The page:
Wood Chips—The Secret to Effortless, Inexpensive Biodynamic Gardening
by Dr. Mercola
Tomorrow is the official first day of Spring! However, with spring comes the rains and with rain up sprout those enormous weeds invading your gardening plots! We hear countless horror stories of human vs. weeds struggling through back breaking labor and sore fingers. Worst of all, the labor of weed pulling seems to be in vain, the weeds seem to sprout right back up with the next rain shower. But don't give up hope yet! Theres a secret to eliminating weeds for good with less labor! Back to Eden gardeners worldwide are declaring their success to easier more effective weeding methods that are so simple they may just blow your mind!
In short, cover your bare ground with thick mulch and stop tilling! Don't forget that in areas with tenacious weeds you need apply the mulch deep enough to smother the weeds or the mulch will potentially increase the weed growth, acting as fertilizer! How thick should your mulch be? Back to Eden gardening founder Paul Guatschi recommends putting down 4 sheets of newspaper right on top of the weeds, dampen, then covering the area with at least 4-6 inches of wood chip mulch. In just about one month the weeds and newspaper will have decomposed into compost below the mulch and created fertile, clean soil below!
Read excerpts from the article Easy Gardening, No Weeding with Mulch, written by Tamara from The Reid Homestead below.
"In this article, I will explain the secret to easy gardening, no weeding! Gardening should be fun and therapeutic. It shouldn’t be all work! If you are working that hard where it is not enjoyable, you are doing something wrong! Often times, the weeds take over, and that is when folks give up. What if I were to tell you a simple gardening secret? Mulch! Mulch will prevent weeds, and benefit your plants in many ways as well!
There is a great article by The Old Farmer's Almanac that mentions Paul Gautschi and the Back to Eden Gardening method. Although we believe the stage of adding wood chips is not "optional" we are very happy to see the reference from such a reputable farming and gardening resource! Here is the reference:
"An optional extra stage is to top the compost with wood chips (or other organic matter such as hay), as popularized by organic gardener Paul Gautschi in his ‘Back to Eden’ method. Add the wood chips about two inches deep, making sure not to mix it into the compost beneath. Then simply push aside the wood chips to plant directly into the compost. This top layer helps slow down evaporation and gradually feeds the soil below, reducing the need for additional fertilizers."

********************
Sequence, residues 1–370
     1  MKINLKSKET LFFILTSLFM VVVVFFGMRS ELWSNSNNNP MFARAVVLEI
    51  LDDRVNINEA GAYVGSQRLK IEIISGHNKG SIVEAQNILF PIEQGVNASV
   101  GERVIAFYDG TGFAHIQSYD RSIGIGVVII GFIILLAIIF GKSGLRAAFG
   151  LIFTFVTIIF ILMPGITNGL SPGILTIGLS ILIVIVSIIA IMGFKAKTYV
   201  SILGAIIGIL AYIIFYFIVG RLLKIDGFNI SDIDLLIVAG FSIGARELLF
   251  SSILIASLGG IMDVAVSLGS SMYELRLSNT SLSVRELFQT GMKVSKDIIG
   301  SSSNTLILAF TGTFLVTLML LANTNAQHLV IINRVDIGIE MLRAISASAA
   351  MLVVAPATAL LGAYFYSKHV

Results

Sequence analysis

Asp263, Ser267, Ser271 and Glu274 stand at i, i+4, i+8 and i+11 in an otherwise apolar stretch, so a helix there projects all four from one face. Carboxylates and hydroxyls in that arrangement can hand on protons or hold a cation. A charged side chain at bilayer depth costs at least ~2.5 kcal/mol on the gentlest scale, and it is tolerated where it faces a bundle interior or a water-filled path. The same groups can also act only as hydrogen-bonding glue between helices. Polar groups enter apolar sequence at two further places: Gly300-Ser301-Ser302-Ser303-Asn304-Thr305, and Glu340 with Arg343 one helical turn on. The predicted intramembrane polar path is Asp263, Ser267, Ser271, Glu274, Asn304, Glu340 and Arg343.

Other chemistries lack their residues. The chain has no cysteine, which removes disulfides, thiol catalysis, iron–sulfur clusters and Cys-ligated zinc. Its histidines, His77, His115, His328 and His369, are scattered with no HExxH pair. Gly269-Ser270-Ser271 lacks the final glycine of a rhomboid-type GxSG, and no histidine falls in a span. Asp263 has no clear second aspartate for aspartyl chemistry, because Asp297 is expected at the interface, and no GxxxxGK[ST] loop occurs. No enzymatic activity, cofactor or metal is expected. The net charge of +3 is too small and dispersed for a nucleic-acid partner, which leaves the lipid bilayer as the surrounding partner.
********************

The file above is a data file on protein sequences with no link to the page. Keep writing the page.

READ FULL ARTICLE HERE: https://www.almanac.com/video/no-dig-gardening-no-till-gardening
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#1 Natural Health Website - by Dr.Mercola, June 21, 2014
5/ 5starsBack to Eden reveals a simple organic gardening method that can not only transform your personal garden, but may even be part of the solution needed on a more global scale as well.
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Watch the #1 Gardening Documentary for free at www.backtoedenfilm.com You will learn the best gardening tips needed to grow an organic garden. Back to Eden gardening is a no-till, organic, non gmo, and permaculture method that will transform the way you grow your own food!
I had the pleasure a year ago of viewing the "Back to Eden" documentary on the work of Paul Gautschi's carbon-centric gardening methods in the northwest. While Gautschi is essentially a vegetarian and I may not agree with every little thing he says, I think he's onto something revolutionary in gardening.
In many ways, it's a permutation of the Ruth Stout "No Work Garden Book," which rocked the organic gardening world 50 years ago. Essentially, this method uses year-round mulch rather than tillage to keep and prepare the garden. It eliminates soil moisture fluctuations and suppresses weeds. But in Gautschi's idea, the mulch is wood chips rather than leaves and grasses like Ruth Stout used. When I was in Australia recently, I spent a morning with a handful of young produce farmers who were using his methods and the plants looked spectacular.
Gautschi's story is compelling, simple, and practical. I was mesmerized by this documentary. I don't watch films much--of any stripe. So to watch it and not turn it off was truly remarkable. I encourage anyone currently gardening or contemplating having one to watch this documentary. You won't forget it.
Featuring 34 presentations from individuals leading the food growing movement, the Grow Your Own Food Summit featured Paul Gautschi as one of the main presenters! Paul's presentation, "Grow Your Own Healthy Food Easily by Modeling Mother Nature," was voted one of the top 5 presentations! Paul's presentation will teach you how growing your own food can change your life. Here are a few highlights of Paul's interview: